Let us first consider which elements prepare amenable conditions for the emergence of revolutions. Gottschalk (1944) identifies three broad factors:
demand for change stemming from (a) personal discontent and (b) social dissatisfaction
hopefulness derived from (a) popular programs of reform and (b) a leader
weakness of the conservative forces – perhaps the most important.
Demand comes from widespread provocations (corruption, taxation, poor infrastructure etc.) which generate social dissatisfaction. Yet, demand by itself is not sufficient for the revolution. Some hope of success is also needed. This comes from programs of reform, as provided by the Voltaires and Rousseaus, the Lockes and Ademses, and the Marxes and Kropotkins (Gottschalk, 1994). However, tuneless emphasis on widespread provocations that are based on the formal rules underestimates the phycological mechanisms that are mainly based on informal constraints.
Personal discontent (arising for idiosyncratic reasons) only appears at the individual level yet plays an essential role in generating the leaders of revolutions. These leaders then support the new-born ideas and ideologies based on the program of reform which has a multiplier effect by coherently spreading revolutionary sentiment. This is crucial once we think of revolutions as risky events over which individuals have varying valuations of the possible outcomes. Gneezy et al. (2006) show that individuals, faced with a complex choice, may choose to stay in the old system if they value the risky benefits of revolution less than the worst outcomes of rebelling. However, once the revolutionary “lottery” is based on intellectuals’ programs of reforms and explained by leaders it becomes easier to code.
In this way, agents facing complex task (in this case revolution), might act following the leader through many of the channels identified by behavioural economics such as Tversky and Kahneman’s simple heuristics, Walker and Wooldridge’s conventions and Shiller’s narratives. These share common features which affect the majority’s decision-making processes – especially when tasks are complex.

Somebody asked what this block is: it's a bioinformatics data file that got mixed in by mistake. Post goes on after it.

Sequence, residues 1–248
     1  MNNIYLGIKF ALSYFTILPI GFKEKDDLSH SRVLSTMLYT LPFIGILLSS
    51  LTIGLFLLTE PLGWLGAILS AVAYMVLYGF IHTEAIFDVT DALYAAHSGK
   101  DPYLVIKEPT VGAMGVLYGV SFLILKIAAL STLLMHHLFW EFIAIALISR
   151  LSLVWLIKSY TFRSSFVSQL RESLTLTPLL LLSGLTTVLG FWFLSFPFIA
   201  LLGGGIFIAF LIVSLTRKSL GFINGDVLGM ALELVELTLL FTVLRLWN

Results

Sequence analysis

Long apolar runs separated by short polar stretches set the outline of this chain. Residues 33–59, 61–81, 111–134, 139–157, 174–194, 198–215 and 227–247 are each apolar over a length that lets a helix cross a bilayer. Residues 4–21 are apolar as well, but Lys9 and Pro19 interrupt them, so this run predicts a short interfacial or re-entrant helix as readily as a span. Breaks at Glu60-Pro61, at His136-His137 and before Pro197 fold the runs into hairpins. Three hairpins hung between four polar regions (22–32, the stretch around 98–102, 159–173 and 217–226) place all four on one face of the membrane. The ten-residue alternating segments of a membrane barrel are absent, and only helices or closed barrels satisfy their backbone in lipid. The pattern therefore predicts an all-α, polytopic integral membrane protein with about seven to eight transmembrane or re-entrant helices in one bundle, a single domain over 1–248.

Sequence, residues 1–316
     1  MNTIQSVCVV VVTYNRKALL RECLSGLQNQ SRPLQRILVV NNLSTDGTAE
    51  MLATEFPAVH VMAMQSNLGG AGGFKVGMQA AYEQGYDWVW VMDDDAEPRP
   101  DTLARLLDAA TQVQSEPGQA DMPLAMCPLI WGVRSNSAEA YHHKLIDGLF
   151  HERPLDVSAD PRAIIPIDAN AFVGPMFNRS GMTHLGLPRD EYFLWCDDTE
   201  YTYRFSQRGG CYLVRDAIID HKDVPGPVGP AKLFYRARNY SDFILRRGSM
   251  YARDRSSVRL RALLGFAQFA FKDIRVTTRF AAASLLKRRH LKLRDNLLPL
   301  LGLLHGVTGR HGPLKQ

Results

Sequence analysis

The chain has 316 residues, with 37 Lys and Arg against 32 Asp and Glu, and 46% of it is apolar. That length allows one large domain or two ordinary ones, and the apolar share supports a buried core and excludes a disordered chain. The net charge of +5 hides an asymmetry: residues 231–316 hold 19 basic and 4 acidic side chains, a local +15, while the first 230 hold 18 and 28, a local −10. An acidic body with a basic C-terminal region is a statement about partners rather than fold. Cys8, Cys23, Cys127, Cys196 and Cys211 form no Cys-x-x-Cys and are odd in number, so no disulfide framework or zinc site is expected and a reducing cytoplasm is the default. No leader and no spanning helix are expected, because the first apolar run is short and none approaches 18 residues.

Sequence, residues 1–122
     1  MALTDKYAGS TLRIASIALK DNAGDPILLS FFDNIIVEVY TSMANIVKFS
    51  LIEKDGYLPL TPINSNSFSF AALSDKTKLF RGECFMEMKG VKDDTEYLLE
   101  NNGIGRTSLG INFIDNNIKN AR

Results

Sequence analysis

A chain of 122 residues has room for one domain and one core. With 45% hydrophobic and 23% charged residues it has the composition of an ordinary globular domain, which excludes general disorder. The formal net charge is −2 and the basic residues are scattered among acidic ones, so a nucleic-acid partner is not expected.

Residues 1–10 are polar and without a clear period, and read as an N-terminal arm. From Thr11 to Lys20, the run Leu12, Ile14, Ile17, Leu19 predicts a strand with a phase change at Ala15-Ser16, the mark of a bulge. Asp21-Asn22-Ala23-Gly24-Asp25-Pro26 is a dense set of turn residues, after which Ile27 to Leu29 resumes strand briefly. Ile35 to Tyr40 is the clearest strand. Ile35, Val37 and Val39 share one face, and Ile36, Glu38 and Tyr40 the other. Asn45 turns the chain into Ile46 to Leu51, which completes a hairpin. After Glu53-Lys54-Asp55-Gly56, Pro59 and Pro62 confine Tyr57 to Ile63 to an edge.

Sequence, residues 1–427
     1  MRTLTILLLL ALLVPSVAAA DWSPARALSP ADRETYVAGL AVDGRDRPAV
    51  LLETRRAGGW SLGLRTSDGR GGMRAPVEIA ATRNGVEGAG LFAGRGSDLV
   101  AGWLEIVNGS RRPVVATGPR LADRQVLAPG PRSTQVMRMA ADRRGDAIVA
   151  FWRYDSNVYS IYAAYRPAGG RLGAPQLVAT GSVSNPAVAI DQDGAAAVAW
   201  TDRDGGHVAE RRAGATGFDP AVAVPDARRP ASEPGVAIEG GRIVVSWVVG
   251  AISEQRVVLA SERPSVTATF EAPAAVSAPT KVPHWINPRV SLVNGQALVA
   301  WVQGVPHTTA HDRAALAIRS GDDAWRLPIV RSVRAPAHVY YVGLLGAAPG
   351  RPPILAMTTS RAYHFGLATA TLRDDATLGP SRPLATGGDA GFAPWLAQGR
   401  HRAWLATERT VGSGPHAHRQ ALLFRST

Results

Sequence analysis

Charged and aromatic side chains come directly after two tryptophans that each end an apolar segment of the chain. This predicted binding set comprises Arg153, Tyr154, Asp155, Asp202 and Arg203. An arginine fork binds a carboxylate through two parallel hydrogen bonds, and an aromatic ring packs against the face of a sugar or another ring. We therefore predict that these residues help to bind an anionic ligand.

This process is essential to notice the importance of informal constraints and how they become formal rules since leaders are the symbol of ideologies and ideas. As Axelrod indicates norms precede laws and laws strengthen norms. After the success of the revolution laws strengthen the norms through formalization. And after social conventions are entrenched, they become thoughtlessly accepted by individuals (Epstein, 2001).
As with the example of revolutions, before a change in the formal rules, an ideological revolution has occurred when intellectuals provide the programs of reforms. The ideas become conventions during the revolution, changing societal expectations. Notions of equality and liberty – in the case of the French Revolution – became the convention as the system was upended. The relationships between ideas, ideologies, norms and leaders encourage us to take them into account when evaluating growth and development.
I have argued that ideas, norms and ideologies are the initial drivers of development and have had an immense effect on our civilizations. However, traditional political economy’s overemphasis of formal rules fails to capture this. The insularity of this approach is highlighted by examining Revolutions, which provide evidence in favour of more inclusive definitions of institutions and the importance of ideas, ideologies and leaders in creating social systems. Therefore, I contend that a more holistic approach to analysing development is required otherwise alternative and ill-founded explanations of growth with remain.
Acemoglu, D., Cantoni, D., Johnson, S., & Robinson, J. A. (2008). From ancien regime to capitalism: the French Revolution as a natural experiment. Natural Experiments…, op. cit, 221-256.
Acemoglu, D., Johnson, S., & Robinson, J. A. (2005). The rise of Europe: Atlantic trade, institutional change, and economic growth. American Economic Review, 95(3), 546-579.
Ashraf, Q., & Galor, O. (2013). The ‘Out of Africa’ hypothesis, human genetic diversity, and comparative economic development. American Economic Review, 103(1), 1-46.
Axelrod, R. (1986). An evolutionary approach to norms. The American Political Science Review, 1095-1111.
De Long, J. B., & Shleifer, A. (1993). Princes and merchants: European city growth before the industrial revolution. The Journal of Law and Economics, 36(2), 671-702.
Epstein, J. M. (2001). Learning to be thoughtless: Social norms and individual computation. Computational economics, 18(1), 9-24.
North, D. C. (1991). Institutions. Journal of Economic Perspectives, 5(1), 97-112.
North, D. C. (1994). Economic performance through time. The American Economic Review, 84(3), 359-368.